Porter Gale: That is actually a fact. I worked with Peoplebrowsr and they analyzed Twitter data from 2007 to the present and they figured out the number of degrees of separation between people and the old saying “six degrees of Kevin Bacon,” it’s now four.
Drew Neisser: Got it. So what are implications of 4 degrees of separation?
Porter Gale: What this means is that every single connection is more important than before because we are more closely linked, we also have larger circles of empathy which means that we are connected to more people, our thoughts and our feelings are impacting more people, there’s emotions that are spreading through social network and so the world — the way that we connect and talk to each other and influence decisions has completely changed. I like to think of it as the world getting smaller and smaller and that a connection that could change your life is maybe just one person away.
Drew Neisser: Do you think that all customers should be treated equally from a service stand point or are some customers just more important than others?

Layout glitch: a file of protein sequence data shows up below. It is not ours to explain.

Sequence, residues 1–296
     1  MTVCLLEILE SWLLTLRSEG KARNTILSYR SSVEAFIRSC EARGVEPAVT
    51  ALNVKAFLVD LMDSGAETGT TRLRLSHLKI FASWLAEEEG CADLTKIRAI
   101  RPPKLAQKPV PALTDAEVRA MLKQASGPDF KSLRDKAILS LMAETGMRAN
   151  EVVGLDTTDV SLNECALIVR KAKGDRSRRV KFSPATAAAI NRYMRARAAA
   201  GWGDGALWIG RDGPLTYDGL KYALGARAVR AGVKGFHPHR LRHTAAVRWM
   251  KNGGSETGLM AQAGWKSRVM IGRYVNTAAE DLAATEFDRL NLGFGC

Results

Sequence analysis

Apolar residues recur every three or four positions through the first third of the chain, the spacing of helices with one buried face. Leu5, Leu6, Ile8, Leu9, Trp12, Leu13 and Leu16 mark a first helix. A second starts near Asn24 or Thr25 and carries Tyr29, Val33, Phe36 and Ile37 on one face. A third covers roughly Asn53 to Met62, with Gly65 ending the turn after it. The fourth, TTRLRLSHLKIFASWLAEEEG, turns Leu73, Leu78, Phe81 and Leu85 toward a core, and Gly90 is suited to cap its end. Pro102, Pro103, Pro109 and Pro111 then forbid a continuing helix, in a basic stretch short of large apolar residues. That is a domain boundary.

Porter Gale: Well, that is a very debatable question. You know the democratic response that I would have is that I would like all customers to be treated equally and that you can learn something from every single customer. If for some reason they are not as engaged or they are not as fanatical, you know you can learn from that. That said, I think it is important to really understand the segments of your population. So who are the customers that are driving most of your revenue? What are they interested in, what are their buying behaviors, what are they doing in terms of shopping. You need to at least acknowledge who the high engagement groups are and understand them but if you have the bandwidth, and you have the resources, treat every customer with love and respect.